To avoid disputes, you’d normally expect a bilateral Advance Pricing Agreement (BAPA) to offer a solution. After all, if two or more states agree to the fee for the distribution office before the in-scope transactions take place, this cannot be disputed later in the tax return. The very short section on certainty in the OECD’s public consultation document does not include any explicit options for such BAPAs or for advance certainty on Amount B, although you would expect this. It therefore seems unlikely that it would be possible to deviate from the Amount B rules in a new APA or BAPA, if these apply. Given the extensive qualification rules for applying the Amount B regime and the variety in the returns matrix, it is questionable whether competent authorities will be able to reach a consensus quickly, if at all.

The OECD’s public consultation document further notes that a pricing arrangement under an Advance Pricing Agreement (APA) concluded before Amount B took effect, should take precedence over the new ‘simplified’ method under the new Amount B rules. This should work out well for BAPAs, given that the competent authorities have committed themselves to the previous agreement, whereby it does not seem likely that disputes will arise later on. However, once this involves a unilateral APA, thus where a taxpayer has only made tax arrangements in one state via a unilateral APA, this could well lead to disputes with the tax authorities of the other state involved in the distribution transaction. The OECD’s public consultation document explains that if a dispute arises, a mutual agreement procedure (MAP) may be initiated between two or more countries in order to resolve the dispute. Included in parentheses (implying that the final text is still under discussion) is that in such cases the new 'simplified’ method under the new Amount B rules must be taken into account. In that case, how much certainty does an existing unilateral APA still offer? And how do external stakeholders, such as auditors, deal with such positions? Also, how will competent authorities treat new APAs or BAPAs for baseline marketing and distribution offices that are applied for before Amount B takes effect and which deviate from the Amount B rules applying so far?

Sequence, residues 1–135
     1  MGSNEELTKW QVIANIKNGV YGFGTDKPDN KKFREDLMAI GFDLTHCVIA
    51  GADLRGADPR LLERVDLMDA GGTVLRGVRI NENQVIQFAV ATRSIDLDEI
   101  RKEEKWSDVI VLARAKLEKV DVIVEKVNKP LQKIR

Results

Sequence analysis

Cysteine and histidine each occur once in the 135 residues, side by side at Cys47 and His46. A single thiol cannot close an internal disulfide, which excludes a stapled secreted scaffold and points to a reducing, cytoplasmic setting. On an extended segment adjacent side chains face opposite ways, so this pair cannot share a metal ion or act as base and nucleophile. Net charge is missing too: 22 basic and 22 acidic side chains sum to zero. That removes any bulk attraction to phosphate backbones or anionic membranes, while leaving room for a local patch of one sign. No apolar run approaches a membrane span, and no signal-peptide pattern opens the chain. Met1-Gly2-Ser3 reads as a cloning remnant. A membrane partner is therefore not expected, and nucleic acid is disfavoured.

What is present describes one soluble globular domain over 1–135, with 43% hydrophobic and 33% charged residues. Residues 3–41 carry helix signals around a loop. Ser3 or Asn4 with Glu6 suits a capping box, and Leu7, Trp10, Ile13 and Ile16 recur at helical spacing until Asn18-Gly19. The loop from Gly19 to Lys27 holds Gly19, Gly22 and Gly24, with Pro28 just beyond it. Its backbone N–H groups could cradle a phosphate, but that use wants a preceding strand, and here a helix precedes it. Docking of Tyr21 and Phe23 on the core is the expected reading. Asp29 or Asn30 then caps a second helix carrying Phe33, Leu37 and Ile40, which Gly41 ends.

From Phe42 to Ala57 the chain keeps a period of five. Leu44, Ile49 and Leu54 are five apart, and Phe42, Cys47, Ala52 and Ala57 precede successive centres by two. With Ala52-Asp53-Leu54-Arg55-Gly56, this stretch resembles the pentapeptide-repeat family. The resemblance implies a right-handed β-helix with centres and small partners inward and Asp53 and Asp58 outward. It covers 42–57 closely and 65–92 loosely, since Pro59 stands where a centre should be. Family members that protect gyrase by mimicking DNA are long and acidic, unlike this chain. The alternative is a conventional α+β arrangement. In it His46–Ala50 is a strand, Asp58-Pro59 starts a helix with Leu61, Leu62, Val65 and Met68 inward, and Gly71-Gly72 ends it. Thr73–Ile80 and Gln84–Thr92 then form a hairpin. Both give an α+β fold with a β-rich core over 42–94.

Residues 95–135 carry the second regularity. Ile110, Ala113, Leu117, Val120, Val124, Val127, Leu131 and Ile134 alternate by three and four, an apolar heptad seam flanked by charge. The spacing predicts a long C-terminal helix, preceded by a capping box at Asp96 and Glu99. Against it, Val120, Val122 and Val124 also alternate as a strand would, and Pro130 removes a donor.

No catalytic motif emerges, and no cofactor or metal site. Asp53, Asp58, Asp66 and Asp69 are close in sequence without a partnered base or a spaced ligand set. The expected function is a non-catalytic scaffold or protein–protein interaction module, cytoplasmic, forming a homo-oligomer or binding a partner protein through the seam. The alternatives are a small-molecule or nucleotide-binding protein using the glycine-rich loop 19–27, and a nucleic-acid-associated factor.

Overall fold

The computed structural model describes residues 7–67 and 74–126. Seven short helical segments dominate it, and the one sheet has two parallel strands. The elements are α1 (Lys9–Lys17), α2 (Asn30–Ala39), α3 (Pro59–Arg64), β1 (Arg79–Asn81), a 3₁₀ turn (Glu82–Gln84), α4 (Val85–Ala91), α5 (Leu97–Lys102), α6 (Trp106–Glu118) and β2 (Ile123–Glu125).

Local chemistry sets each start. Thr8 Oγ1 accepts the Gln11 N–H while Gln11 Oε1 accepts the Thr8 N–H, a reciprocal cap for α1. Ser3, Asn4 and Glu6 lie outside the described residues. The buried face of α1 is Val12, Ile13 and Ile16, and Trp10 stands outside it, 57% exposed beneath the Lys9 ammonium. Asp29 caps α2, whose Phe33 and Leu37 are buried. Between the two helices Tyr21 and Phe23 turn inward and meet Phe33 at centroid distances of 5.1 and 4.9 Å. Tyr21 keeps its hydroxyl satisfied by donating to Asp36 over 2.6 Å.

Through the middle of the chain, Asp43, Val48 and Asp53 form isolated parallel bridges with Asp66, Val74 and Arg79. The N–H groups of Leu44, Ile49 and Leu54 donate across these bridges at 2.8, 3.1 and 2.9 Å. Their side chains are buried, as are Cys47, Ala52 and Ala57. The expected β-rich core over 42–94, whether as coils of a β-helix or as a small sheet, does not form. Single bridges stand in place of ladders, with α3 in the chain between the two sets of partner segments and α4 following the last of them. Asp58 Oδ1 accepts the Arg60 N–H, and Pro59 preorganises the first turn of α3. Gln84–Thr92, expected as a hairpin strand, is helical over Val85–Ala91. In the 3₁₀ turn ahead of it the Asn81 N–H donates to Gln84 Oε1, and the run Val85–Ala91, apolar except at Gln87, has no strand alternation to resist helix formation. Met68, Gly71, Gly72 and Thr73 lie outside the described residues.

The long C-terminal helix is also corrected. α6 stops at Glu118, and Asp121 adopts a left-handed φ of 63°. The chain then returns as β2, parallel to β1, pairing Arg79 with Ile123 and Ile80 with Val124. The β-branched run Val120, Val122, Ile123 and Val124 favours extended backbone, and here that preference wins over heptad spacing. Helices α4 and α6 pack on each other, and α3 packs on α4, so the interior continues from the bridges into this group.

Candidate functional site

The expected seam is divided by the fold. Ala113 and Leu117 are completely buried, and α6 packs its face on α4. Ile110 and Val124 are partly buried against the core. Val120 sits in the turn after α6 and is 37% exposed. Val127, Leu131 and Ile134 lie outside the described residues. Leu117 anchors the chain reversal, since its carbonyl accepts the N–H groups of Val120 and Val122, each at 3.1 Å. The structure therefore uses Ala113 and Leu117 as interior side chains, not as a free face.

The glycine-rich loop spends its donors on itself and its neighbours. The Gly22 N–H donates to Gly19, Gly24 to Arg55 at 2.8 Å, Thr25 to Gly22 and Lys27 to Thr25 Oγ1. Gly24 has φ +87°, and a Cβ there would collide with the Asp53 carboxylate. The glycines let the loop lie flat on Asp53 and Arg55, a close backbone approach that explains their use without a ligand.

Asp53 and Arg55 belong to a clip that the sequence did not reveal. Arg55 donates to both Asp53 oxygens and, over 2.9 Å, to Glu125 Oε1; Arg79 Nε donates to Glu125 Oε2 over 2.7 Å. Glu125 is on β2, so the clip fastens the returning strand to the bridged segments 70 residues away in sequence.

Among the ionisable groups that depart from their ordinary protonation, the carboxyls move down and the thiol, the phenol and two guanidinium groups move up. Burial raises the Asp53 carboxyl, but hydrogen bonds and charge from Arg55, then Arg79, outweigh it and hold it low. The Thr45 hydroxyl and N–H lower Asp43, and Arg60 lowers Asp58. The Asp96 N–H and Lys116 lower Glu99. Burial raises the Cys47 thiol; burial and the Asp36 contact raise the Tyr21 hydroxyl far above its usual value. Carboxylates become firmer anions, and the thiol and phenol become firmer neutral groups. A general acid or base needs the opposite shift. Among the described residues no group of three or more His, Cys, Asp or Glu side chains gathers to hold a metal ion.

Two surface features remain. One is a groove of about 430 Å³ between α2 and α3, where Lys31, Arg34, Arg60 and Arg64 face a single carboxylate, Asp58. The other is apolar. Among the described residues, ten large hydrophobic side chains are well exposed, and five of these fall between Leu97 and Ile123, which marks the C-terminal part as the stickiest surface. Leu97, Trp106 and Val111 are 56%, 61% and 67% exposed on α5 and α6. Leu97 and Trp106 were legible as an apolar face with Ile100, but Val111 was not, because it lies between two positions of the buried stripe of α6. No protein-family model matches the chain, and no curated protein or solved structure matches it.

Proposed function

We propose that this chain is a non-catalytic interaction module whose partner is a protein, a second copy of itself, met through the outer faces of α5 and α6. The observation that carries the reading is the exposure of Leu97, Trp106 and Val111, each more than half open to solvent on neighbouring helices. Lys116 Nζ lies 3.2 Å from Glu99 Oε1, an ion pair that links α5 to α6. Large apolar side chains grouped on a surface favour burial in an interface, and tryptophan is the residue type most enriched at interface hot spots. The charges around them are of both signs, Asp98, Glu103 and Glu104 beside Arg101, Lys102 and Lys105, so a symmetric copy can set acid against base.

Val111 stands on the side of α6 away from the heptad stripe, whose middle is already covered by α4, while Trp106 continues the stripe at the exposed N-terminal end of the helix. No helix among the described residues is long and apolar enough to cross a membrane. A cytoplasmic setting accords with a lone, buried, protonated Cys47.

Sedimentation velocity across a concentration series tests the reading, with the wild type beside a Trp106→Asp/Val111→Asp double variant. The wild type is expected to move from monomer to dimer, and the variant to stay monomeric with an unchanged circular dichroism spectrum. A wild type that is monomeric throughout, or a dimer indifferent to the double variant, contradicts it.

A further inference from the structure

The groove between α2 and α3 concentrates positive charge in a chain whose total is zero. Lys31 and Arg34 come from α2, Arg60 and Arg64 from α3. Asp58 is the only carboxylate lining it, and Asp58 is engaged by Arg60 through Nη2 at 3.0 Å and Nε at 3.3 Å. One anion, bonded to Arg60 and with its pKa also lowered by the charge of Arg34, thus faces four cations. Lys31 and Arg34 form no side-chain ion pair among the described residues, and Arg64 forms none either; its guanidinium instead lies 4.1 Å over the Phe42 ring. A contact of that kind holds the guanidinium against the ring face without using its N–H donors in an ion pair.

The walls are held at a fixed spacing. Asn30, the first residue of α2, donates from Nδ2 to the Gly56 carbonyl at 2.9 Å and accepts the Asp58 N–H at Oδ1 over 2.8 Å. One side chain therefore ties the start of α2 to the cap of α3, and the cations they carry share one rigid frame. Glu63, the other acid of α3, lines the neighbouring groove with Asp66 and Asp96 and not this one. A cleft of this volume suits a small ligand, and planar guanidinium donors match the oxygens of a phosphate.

It’s therefore essential that you properly prepare yourself for these new Amount B rules. The first step is to follow the progress of Amount B and developments in this area. Taxpayers can also prepare for Amount B by taking a careful look at their current transfer pricing policy on baseline marketing and distribution offices. The OECD’s recently released consultation document includes for the first time the Amount B matrix with fixed operating profit margins / returns. Taxpayers can compare these returns with their current transfer pricing policy. It’s also a good idea to check whether APAs have been concluded and how these agreements will be impacted if in January 2024 other prices could apply under Amount B.

Interested to hear about what Meijburg can do for your organization in the area of Tax Controversy and Tax Dispute management, how it can help you with Amount B or do have any other questions? Feel free to contact Janneke Versantvoort or other members of our Tax Controversy team to arrange an introductory meeting.

© 2024 Meijburg & Co is a partnership of limited liability companies under Dutch law, is registered in the Trade Register under number 53753348
and a member firm of the KPMG global organization of independent member firms affiliated with KPMG International Limited, a private English company limited by guarantee.
All rights reserved.